OK. Let's see what the probable/possible line combinations are at the start of the season.
Given coach Ron Wilson's penchant for mixing it up on the fly, none of these are carved in stone. That said, his ability to freewheel is somewhat limited by the fact the Sharks aren't exactly overloaded at left wing. A touch surprising, since this was apparent going into the now mercifully concluded off-season, that general manager Doug Wilson didn't more aggressively address this. But it is what it is, so rather than kvetch about what isn't, we focus on who's here.
|Patrick Marleau||Joe Thornton||Jonathan Cheechoo|
NHL, welcome to your nightmare.
The move of Marleau to left wing isn't much of a surprise. Not that he was inept at center, but think about it: second line center... first line left wing playing alongside Joe Thornton and Cheechoo. I rather doubt he complained much.
Thornton is the best passer and playmaker in the NHL, period. Impossible to move off the puck, and threads more needles than a seamstress who's paid by the yard sewn. Cheechoo is a excellent sniper, and with Thornton feeding him the puck he's all the better. Marleau can be an excellent all-around player in both skills and physical play when he wants to be. Problem is his penchant for retreating into an overly passive mode characterized by too readily passing the puck while trying to incorporate everyone into the play instead of simply making it himself when the opportunity is presented. Yes, the captain should try to involve everyone. But how about some more leadership by playmaking example?
|Milan Michalek||Torrey Mitchell||Devin Setoguchi|
Michalek and Setoguchi are snipers who will no doubt have Wilson leaning on them hard to consistently play hard at both ends of the rink along with standing up for themselves. Mitchell? He must have something to be stepping straight out of college -- and a year early -- into the NHL. His scouting reports say good speed, good hands, good work ethic. This line could possibly become the Sharks "Who" line. You know... the kids are alright?
Okay, now that I've dated myself most severely, next combo:
|Patrick Rissmiller||Marcel Goc||Mike Grier|
Rissmiller doesn't stand out in any given category, but he is competent in all areas of the game and is not afraid to mix it up. Goc will drive opponent's defensemen to distraction with his nimble footwork. Grier is a cult hero in San Jose for his all-out attack on every shift as though it was the one that matters the most.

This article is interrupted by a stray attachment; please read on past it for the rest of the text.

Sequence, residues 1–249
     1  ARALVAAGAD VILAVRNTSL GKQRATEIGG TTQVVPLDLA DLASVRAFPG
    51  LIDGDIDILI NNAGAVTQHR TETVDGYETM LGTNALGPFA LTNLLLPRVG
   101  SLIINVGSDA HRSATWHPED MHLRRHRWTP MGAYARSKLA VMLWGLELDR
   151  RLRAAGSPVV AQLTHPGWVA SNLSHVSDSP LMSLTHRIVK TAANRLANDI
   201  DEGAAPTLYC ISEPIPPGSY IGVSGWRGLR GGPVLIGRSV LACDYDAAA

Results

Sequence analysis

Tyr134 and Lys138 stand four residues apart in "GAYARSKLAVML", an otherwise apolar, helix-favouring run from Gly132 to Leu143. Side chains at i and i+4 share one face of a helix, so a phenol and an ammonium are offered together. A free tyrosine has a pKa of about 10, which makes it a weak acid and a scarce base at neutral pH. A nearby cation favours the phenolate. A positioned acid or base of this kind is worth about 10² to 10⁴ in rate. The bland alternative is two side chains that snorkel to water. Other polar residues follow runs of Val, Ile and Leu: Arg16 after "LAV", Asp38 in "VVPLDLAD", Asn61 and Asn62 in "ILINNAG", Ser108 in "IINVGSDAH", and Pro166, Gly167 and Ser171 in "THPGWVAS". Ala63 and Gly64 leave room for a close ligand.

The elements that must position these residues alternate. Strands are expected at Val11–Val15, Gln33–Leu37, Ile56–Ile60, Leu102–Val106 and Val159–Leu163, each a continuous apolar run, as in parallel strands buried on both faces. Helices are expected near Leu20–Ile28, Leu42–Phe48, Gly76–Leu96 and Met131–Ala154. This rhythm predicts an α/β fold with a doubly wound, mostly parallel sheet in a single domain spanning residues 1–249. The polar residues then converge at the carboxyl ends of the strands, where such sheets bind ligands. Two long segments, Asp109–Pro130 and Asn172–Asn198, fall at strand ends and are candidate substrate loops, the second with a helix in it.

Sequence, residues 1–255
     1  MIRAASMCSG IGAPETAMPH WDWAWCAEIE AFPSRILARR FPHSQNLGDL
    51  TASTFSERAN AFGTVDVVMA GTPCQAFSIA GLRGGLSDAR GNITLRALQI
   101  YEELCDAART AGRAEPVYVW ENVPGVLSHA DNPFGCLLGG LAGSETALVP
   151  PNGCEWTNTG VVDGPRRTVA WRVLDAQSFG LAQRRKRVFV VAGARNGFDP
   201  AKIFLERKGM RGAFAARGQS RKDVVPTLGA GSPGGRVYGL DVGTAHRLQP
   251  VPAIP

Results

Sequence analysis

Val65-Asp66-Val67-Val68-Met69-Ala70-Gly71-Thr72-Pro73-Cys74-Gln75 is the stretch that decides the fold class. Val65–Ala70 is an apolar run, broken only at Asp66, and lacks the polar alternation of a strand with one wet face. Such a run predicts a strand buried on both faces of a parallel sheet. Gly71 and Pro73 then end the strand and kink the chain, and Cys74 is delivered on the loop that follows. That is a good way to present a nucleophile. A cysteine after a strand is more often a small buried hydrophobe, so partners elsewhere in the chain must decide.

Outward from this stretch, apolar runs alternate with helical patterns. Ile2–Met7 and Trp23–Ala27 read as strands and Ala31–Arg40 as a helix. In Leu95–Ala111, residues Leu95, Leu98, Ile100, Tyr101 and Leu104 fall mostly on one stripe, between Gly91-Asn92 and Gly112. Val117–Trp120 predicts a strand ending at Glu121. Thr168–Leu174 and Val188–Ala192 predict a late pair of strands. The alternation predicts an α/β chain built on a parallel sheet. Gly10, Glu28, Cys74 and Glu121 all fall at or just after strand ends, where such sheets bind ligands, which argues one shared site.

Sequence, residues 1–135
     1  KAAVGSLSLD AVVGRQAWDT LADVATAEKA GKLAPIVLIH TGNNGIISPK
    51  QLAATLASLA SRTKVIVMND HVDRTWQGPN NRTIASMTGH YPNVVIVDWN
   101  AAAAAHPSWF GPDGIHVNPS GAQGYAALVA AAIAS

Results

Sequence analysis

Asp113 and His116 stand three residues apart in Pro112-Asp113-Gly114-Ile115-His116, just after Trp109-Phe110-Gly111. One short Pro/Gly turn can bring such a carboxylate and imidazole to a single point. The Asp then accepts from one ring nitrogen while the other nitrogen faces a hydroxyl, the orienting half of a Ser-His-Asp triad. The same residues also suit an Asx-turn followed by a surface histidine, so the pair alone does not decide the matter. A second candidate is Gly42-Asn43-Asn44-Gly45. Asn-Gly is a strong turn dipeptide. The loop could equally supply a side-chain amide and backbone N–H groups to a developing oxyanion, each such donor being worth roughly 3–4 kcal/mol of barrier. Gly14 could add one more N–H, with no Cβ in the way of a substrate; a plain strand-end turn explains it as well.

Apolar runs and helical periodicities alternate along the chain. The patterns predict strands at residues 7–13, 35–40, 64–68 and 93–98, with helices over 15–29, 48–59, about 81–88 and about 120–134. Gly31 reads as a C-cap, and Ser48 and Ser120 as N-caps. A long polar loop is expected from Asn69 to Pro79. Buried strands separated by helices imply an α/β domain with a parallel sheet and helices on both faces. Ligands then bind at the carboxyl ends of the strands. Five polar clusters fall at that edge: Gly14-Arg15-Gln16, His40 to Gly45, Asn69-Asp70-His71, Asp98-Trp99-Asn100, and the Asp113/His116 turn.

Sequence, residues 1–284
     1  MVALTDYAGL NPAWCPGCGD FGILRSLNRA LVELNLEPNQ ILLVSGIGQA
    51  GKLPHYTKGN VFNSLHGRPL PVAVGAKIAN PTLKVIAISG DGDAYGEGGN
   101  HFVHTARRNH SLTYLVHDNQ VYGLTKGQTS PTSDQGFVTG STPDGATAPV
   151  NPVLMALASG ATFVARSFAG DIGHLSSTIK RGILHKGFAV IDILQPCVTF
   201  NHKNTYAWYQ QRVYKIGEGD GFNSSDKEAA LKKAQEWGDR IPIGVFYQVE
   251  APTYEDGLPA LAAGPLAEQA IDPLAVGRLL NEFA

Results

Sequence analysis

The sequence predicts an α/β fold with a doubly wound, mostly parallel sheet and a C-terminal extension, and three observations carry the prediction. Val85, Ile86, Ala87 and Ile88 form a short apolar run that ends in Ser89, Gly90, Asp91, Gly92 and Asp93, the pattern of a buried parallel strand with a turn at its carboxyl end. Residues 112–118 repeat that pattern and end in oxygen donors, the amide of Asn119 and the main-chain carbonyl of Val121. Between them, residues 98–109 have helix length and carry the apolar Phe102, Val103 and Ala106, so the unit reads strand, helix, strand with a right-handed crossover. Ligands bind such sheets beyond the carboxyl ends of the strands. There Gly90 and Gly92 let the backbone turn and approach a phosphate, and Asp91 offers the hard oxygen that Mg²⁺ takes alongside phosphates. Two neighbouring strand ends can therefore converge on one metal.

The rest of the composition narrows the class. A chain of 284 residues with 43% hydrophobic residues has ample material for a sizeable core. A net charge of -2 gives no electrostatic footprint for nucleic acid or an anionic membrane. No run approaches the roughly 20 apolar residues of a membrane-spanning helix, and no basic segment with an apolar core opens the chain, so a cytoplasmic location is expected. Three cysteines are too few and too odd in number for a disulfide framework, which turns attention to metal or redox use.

|Ryane Clowe||Joe Pavelski||Steve Bernier|
I have a hunch this line is tempted to wear collars to each game considering each member has been in Wilson's doghouse at least once in recent seasons. Pavelski and Bernier can score, and Clowe brings a physical presence. This line could generate some positive energy and score a few or more goals.
In reserve: Curtis Brown, whose style is much like Grier's except he plays center; and Jeremy Roenick who might have enough left in the tank for a decent game once in a while.
And then there's the defense:
|Craig Rivet||Marc-Edouard Vlasic|
|Christian Ehrhoff||Kyle McLaren|
|Matt Carle||Douglas Murray or Rob Davidson|
Or something like that.
Rivet is like an umpire in baseball: you notice him only when there's a mistake. Which is a good thing, since he doesn't make mistakes very often. Vlasic is a wizened veteran's soul inhabiting a kid's body. Very seldom is he out of position, and he makes plays with almost frighteningly effortless (at least that's how it looks) ease. Ehrhoff has to occasionally be reminded he's not a forward, but has improved his overall defensive play and has the speed to upset many an offensive rush. McLaren's specialty is the big hit, and he usually takes care of the remaining aspects of his duties. Carle can occasionally look bewildered, but when on his game is smooth and gets the job done. The sixth spot is up for grabs. With Alexei Semenov and Brad Norton both on the shelf, it's between Douglas Murray and Rob Davidson. Murray can pulverize an opponent with his hitting ability, but is hardly fleet of foot and also tends to spend too much time looking for the hit in lieu of manning his station. Davidson needs to improve all aspects of his game, period.
In net, it's now officially the Evgeni Nabokov show. Nabokov has the tendency to be streaky. When he's off, he's off; but when on as he usually is for lengthy stretches he is one of the NHL's better goalies who is more than capable of cleaning up defensive mistakes. Dimitri Patzold is the backup, having worked his way through the minor league ranks to earn a spot with the big boys.
And there you have it.